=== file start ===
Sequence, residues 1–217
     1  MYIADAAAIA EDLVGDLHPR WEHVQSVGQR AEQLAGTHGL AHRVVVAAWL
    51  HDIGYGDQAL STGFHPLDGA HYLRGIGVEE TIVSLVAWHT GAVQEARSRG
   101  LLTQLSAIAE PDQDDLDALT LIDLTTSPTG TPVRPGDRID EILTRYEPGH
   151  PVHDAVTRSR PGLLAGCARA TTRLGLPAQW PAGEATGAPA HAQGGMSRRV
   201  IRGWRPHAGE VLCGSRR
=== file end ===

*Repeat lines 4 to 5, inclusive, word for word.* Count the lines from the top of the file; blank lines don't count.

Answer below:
   101  LLTQLSAIAE PDQDDLDALT LIDLTTSPTG TPVRPGDRID EILTRYEPGH
   151  PVHDAVTRSR PGLLAGCARA TTRLGLPAQW PAGEATGAPA HAQGGMSRRV